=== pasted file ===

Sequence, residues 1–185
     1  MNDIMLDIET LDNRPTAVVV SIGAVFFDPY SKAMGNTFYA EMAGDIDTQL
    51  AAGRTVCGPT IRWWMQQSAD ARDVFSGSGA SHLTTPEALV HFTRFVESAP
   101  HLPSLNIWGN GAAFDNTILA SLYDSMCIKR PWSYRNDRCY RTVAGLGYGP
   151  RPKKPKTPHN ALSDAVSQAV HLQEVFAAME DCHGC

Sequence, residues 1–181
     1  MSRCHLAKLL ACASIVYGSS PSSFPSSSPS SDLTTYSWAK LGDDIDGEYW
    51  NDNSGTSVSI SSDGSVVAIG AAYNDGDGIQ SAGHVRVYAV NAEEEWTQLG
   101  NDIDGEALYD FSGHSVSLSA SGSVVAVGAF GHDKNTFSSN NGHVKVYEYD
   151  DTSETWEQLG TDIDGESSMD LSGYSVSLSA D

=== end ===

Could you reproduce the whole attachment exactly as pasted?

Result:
Sequence, residues 1–185
     1  MNDIMLDIET LDNRPTAVVV SIGAVFFDPY SKAMGNTFYA EMAGDIDTQL
    51  AAGRTVCGPT IRWWMQQSAD ARDVFSGSGA SHLTTPEALV HFTRFVESAP
   101  HLPSLNIWGN GAAFDNTILA SLYDSMCIKR PWSYRNDRCY RTVAGLGYGP
   151  RPKKPKTPHN ALSDAVSQAV HLQEVFAAME DCHGC

Sequence, residues 1–181
     1  MSRCHLAKLL ACASIVYGSS PSSFPSSSPS SDLTTYSWAK LGDDIDGEYW
    51  NDNSGTSVSI SSDGSVVAIG AAYNDGDGIQ SAGHVRVYAV NAEEEWTQLG
   101  NDIDGEALYD FSGHSVSLSA SGSVVAVGAF GHDKNTFSSN NGHVKVYEYD
   151  DTSETWEQLG TDIDGESSMD LSGYSVSLSA D